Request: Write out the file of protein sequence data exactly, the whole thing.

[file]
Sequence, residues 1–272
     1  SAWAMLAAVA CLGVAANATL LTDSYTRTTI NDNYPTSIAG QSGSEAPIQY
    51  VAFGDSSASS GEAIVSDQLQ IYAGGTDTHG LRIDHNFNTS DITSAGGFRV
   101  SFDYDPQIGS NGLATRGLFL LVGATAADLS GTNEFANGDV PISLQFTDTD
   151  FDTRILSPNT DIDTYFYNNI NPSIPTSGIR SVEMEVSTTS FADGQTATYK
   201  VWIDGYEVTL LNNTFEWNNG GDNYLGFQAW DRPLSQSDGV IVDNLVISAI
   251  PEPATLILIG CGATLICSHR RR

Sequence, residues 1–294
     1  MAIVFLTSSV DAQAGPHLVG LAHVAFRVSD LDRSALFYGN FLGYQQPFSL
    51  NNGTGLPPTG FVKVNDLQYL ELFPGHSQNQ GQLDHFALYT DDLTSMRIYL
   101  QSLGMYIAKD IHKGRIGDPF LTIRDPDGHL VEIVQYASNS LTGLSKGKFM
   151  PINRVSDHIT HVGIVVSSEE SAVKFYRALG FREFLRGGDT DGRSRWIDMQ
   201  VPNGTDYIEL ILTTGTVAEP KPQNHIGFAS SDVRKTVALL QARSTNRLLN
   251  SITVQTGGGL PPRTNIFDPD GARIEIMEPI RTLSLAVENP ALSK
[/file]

Sequence, residues 1–272
     1  SAWAMLAAVA CLGVAANATL LTDSYTRTTI NDNYPTSIAG QSGSEAPIQY
    51  VAFGDSSASS GEAIVSDQLQ IYAGGTDTHG LRIDHNFNTS DITSAGGFRV
   101  SFDYDPQIGS NGLATRGLFL LVGATAADLS GTNEFANGDV PISLQFTDTD
   151  FDTRILSPNT DIDTYFYNNI NPSIPTSGIR SVEMEVSTTS FADGQTATYK
   201  VWIDGYEVTL LNNTFEWNNG GDNYLGFQAW DRPLSQSDGV IVDNLVISAI
   251  PEPATLILIG CGATLICSHR RR

Sequence, residues 1–294
     1  MAIVFLTSSV DAQAGPHLVG LAHVAFRVSD LDRSALFYGN FLGYQQPFSL
    51  NNGTGLPPTG FVKVNDLQYL ELFPGHSQNQ GQLDHFALYT DDLTSMRIYL
   101  QSLGMYIAKD IHKGRIGDPF LTIRDPDGHL VEIVQYASNS LTGLSKGKFM
   151  PINRVSDHIT HVGIVVSSEE SAVKFYRALG FREFLRGGDT DGRSRWIDMQ
   201  VPNGTDYIEL ILTTGTVAEP KPQNHIGFAS SDVRKTVALL QARSTNRLLN
   251  SITVQTGGGL PPRTNIFDPD GARIEIMEPI RTLSLAVENP ALSK